Aim, shame, and tame
The gospel preacher has definite goals. He has vision. There is a difference in sight and vision, of course. Helen Keller said, The greatest tragedy in life is people who have sight but no vision.1Marcus Aurelius Antoninus said, The true worth of a man is to be measured by the objects he pursues. Norman Vincent Peale believed, All successful people have a goal. No one can get anywhere unless he knows where he wants to go and what he wants to be or do. William Barclay wrote, There are two great days in a person’s life – the day we are born and the day we discover why.
The preacher aims to accomplish something with each sermon. And he doesn’t just aim, he fires! Acting on goals is important. The Wright brothers were not the inventers of the plane. Another man had a plane ready a year before them but didn’t believe it would fly. We must take, or in some cases make, our opportunities (Joh 4:6-10; Acts 16:13, 31:33; 20:7, 18:21; 28:16, 30:31).
What are the preacher’s aims? The gospel preacher aims to speak in season and out of season (2Ti 4:2). He watches for a good opportunity to speak a good word for the Good Shepherd (Gal 6:10; Pro 12:25; John 10:11). He does not want to be too shy in speaking to others about Jesus Christ (Rom 1:16; 2Ti 1:6-7). The phrase be instant is used of persons coming upon one suddenly. It can be used of a rain shower coming up quickly, or of the advent of angels.
The gospel preacher aims to be patient (2Ti 4:2). Patience3 means endurance, constancy, steadfastness, perseverance, forbearance, longsuffering, slowness in avenging wrongs. It describes the spirit that never grows irritated, never despairs, and never regards any man as beyond salvation (cf. Mat 5:22). Preachers like for needed changes to be immediately made in the lives of those who hear their sermons; they are zealous to see the congregation grow in zeal and faithfulness; but at the same time, they realize that the situation likely did not develop overnight, and probably will not change overnight. Like turning a large ship around, it takes a while even to tell it is moving, and longer for the bow and the stern to switch positions; but if enough pressure is applied, it eventually happens.
The gospel preacher aims to reprove (2Ti 4:2). He must make the sinner aware of his sin. As politically incorrect as it may at first sound, at times, the gospel preacher aims to shame. Reprove carries with it a suggestion of shame of the person convicted. It means, to bring to the light, expose; find fault with, correct (Col 1:28-29; 1The 2:11-12; 5:14). At times, Paul spoke to shame others. He said candidly, Awake to righteousness, and sin not; for some have not the knowledge of God: I speak this to your shame (1Co 15:34; cf. 6:5; Heb 5:11-12). Some behaviors are shameful (1Co 14:35; Eph 5:12; Php 3:19); those who do them should be ashamed of themselves. That feeling of shame is powerfully motivational to change (Lu 16:3; Rom 6:21; 2The 3:14).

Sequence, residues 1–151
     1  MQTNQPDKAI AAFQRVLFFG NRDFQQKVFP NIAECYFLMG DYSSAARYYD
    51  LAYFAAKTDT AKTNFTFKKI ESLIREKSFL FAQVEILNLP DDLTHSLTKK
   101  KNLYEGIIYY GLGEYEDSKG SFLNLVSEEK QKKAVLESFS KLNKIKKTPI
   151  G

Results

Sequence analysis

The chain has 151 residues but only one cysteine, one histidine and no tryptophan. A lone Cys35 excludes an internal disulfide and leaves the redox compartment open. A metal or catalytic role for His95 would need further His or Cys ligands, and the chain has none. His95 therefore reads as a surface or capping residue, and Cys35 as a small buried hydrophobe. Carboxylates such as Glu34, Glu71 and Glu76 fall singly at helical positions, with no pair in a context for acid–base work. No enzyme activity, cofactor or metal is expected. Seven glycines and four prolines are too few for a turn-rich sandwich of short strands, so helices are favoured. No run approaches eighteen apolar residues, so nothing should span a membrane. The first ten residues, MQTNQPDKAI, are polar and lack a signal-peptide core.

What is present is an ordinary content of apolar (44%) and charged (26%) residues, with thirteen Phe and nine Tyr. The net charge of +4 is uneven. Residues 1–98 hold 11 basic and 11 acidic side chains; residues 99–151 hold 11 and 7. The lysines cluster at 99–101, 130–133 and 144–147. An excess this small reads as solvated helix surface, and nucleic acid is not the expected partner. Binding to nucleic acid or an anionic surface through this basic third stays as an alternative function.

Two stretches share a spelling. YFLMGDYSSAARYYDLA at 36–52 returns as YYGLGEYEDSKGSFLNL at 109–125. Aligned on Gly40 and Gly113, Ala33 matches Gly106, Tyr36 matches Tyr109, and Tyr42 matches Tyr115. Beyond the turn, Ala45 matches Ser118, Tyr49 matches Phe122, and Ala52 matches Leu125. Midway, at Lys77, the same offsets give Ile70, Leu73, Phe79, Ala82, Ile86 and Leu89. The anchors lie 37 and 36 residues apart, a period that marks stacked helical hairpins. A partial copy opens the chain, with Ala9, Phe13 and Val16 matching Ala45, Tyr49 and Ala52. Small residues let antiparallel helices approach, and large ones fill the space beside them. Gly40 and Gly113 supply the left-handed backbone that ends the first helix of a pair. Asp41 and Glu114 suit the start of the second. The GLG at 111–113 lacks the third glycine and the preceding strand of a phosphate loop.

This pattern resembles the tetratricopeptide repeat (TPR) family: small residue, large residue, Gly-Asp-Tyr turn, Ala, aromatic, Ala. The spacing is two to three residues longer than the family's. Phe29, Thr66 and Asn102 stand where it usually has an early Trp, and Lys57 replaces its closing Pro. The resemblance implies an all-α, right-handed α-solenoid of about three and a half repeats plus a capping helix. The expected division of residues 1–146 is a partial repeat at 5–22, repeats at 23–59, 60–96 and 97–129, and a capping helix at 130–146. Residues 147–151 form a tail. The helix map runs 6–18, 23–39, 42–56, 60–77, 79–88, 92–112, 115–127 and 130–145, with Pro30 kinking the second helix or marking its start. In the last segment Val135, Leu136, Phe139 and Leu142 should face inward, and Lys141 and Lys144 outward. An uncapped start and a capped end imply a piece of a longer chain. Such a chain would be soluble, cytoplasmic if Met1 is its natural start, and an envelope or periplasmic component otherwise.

In another sense, the preacher’s work is to tame others. The word tame is found four times in Scripture. Like the possessed man in the Gadarenes, no one but Jesus can tame the rebellious spirit of sinful people (Mar 5:4). Speech patterns are especially difficult to control (Jas 3:7-8). Sermons gradually help hearers to bring their lives into complete submission to King Jesus.
Reprove4 means to convict, refute; reprehend severely; call to account, demand an explanation; chasten, to punish. This takes courage, conviction, and discipline. This does not fit the stereotypical ineffectual person who takes five sugars in his tea, always says positive things, never rocks the boat, and finds his members consulting psychics and astrologers when they are in distress. Someone observed that in modern pulpits the priest threatens to push the prophet out of his place. To be a priest requires less study and less courage since it is easier to do something for God than to be something for Him.
The gospel preacher aims to rebuke (2Ti 4:2). This word means, to raise the price of; to tax with fault, rate, chide, censure severely; to admonish or charge sharply (cf. Rev 3:19). Epictetus contrasted the false philosopher, who is out for popularity, and the real philosopher, whose aim is the good of his hearers. The false philosopher dealt in flattery; he pandered to self-esteem. The real philosopher says: Come and be told that you are in a bad way. The philosopher’s lecture, he said, is a surgery; when you go away you ought to have felt not pleasure, but pain.
Alcibiades, the brilliant but spoiled darling of Athens, is a case in point. He said to Socrates, Socrates, I hate you, because every time I meet you, you make me see what I am. The first essential to change is to bring a person to see himself as he is.
A doctor or therapist who always avoided causing pain could not treat disease and injury. Neither can a preacher. Ideally, truth is dispensed in small doses over a long period of time – like a prescription. But sometimes doctors must give a large dose immediately – like a shot. Preaching is the prescription; a rebuke is getting a spiritual shot. It is painful for a moment, but speeds the process of recovery.
John T. Lewis said: I would rather have thousands to say to me at the judgment, ‘We heard you preach and you hurt our feelings,’ than to have just one lost soul to say, ‘I heard you preach, but you did not tell me the truth.’9 Preachers must be both loving and plain (cf. 1Co 13:1; Jo 10:24).
In personal relationships a word of warning spoken early and often would sometimes save a brother from spiritual shipwreck (Pro 27:5). It must be spoken with a consciousness of our common guilt (cf. Gal 6:1-2). God’s Word judges us; we do not have the right to sit in judgment on another based on our preferences (John 7:1, 24).
~ Allen Webster ~